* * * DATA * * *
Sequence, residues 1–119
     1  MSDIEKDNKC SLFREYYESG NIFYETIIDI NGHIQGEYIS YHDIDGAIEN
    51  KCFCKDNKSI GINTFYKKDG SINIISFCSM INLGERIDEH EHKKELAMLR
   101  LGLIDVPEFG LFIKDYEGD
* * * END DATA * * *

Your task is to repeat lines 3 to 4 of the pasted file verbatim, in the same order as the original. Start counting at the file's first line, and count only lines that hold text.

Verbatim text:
    51  KCFCKDNKSI GINTFYKKDG SINIISFCSM INLGERIDEH EHKKELAMLR
   101  LGLIDVPEFG LFIKDYEGD